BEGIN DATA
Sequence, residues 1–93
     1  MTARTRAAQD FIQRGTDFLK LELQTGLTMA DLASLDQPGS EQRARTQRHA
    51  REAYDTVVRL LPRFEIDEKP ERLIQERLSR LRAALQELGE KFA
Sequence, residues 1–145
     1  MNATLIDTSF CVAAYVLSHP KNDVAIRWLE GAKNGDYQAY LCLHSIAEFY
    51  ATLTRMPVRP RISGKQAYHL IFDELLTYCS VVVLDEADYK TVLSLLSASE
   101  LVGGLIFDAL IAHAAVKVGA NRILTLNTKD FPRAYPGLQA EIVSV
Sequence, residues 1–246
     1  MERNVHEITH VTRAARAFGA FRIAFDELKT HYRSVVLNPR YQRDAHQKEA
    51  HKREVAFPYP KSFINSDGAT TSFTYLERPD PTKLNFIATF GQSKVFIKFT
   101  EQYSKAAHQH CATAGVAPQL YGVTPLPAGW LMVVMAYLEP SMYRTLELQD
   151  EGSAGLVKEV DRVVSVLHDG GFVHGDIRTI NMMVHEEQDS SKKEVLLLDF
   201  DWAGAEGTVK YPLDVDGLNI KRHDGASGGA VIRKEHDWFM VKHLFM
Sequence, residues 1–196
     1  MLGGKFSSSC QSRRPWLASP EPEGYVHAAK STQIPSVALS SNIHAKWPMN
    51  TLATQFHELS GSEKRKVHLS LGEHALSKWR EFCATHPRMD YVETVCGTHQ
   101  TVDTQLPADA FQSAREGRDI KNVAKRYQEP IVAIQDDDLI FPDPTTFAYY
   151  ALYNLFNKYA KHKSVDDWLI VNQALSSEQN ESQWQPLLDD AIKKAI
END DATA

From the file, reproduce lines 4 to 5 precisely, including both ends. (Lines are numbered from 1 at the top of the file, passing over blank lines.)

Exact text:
Sequence, residues 1–145
     1  MNATLIDTSF CVAAYVLSHP KNDVAIRWLE GAKNGDYQAY LCLHSIAEFY